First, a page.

Saint Florian


Saint Florian was born roughly around 250 AD in the Roman city of Aelium Cetium (now known as Sankt Polten, Austria). We know very little of his early life, only that he joined the Roman Army as youth and quickly advancing the ranks, eventually being bestowed command of a full legion in the Roman province of Noricum. At that time, fires were expected to be put out by the local populace being affected but Saint Florian organized and personally trained an elite group of Roman Soldiers whose only duty was to extinguish and prevent fires.


In the early 300s, the Roman Emperor Diocletian began his great persecution against Christians living in the Roman Empire. Christian senators, equestrians, decurions, veterans and soldiers were stripped of their ranks and could not challenge any actions brought against them in court. In the East, Christians were often burned alive where as judges in the West favored various types of execution for any Christian refusing to make Pagan sacrifices. Churches were destroyed, public gatherings banned and any scriptures found were to be immediately destroyed.


When reports reached Rome that Saint Florian was not enforcing these persecutions in his territory, the Emporer sent Aquilinus to investigate. Once he arrived in the province, he immediately ordered Saint Florian to offer sacrifice to the Roman gods - to which Saint Florian likewise immediately refused. Saint Florian responded to Aquilinus:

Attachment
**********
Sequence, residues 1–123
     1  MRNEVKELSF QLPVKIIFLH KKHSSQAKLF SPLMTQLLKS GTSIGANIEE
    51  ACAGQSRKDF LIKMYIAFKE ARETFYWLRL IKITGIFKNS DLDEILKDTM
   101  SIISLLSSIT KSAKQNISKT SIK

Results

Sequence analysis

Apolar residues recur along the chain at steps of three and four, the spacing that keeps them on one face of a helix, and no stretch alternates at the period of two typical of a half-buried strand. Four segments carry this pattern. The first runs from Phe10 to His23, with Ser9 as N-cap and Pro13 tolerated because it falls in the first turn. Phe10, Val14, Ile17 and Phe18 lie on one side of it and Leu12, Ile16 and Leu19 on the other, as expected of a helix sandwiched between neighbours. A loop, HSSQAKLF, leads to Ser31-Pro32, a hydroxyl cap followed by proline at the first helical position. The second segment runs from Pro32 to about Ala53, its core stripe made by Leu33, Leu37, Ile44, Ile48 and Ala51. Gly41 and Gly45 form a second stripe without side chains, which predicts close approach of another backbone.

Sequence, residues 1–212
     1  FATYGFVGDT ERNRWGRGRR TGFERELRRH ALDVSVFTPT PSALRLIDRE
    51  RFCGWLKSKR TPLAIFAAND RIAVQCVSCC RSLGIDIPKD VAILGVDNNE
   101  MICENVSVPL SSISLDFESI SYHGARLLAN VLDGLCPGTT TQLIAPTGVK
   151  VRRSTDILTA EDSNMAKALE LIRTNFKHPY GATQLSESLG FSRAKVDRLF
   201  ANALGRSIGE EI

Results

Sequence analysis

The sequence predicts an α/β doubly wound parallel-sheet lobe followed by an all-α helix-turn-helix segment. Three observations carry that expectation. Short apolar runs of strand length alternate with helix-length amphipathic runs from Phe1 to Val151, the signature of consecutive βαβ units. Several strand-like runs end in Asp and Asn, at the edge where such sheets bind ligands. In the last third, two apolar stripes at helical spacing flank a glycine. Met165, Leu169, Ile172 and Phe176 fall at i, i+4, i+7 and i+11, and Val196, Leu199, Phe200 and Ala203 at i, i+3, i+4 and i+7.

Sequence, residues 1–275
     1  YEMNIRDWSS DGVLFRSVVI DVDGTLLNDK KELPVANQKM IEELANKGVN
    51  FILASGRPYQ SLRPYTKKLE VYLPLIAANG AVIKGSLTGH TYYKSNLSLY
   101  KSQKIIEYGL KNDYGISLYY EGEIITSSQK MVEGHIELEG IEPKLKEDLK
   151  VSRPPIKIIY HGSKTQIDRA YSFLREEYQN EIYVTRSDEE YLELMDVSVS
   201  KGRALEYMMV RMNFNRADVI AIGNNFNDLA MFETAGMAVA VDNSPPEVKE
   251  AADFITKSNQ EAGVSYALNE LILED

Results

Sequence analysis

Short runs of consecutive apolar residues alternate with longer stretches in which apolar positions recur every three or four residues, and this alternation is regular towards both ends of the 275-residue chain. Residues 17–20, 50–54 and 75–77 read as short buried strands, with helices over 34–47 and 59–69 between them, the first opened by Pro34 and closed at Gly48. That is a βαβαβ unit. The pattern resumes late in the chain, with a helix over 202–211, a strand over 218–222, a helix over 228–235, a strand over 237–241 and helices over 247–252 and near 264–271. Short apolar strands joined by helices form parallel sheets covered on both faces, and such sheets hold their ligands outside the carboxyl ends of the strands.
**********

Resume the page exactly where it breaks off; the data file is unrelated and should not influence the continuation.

“Tell the Emperor that I am a Christian and will suffer the same fate as the Christians.”

Aquilinus once more offered an escape by proposing a promotion to Saint Florian if he would abandon his faith and offer the sacrifice. When Aquilius received his final No, he sentenced Saint Florian to death - by incineration on a stake.


Once the pyre was built and Saint Florian placed upon it, he challenged the soldiers standing ready by shouting:


"If you wish to know that I am not afraid of your torture, light the fire, and in the name of the Lord I will climbe onto it."

The soldiers, afraid of his words, instead executed him by tying a millstone around his neck and drowning him in the Enns River. A peasant would later have a vision of Saint Florian in her dream, asking her to have his body properly buried in a better location and so his remains were located and moved to the Augustinian Abbey of Saint Florian near Linz Austria. In 1138, the Pope Lucius III gave some of the saint's relics to King Casimir of Poland and to the Bishop of Cracow thus ensuring Saint Florian would become the Patron Saint of not only Firefighters but also of Poland and Krakow.


Citizens of the Catholic portions of the German Empire regularly chose his name as their first born's given name to secure the Saint's help and protection against fire leading to the name being very widespread in portions of Bavaria and Austria. In Krakow, Saint Florian's church survived a fire untouched even as the same fire torched the entire neighborhood around it. In portions of Germanic speaking areas, a call fore a fireman is pronounced as a call for Florian. In Germany, Austria and Central Europe, anyone using the word "Florian" in an emergency broadcast is known to be requesting firefighters on scene.


In the 1870s, a devout group of Catholic immigrants left Germany and settled in Alabama, naming their town Saint Florian.


The feast of Saint Florian is May 4th, the same as the international firefighter's day.

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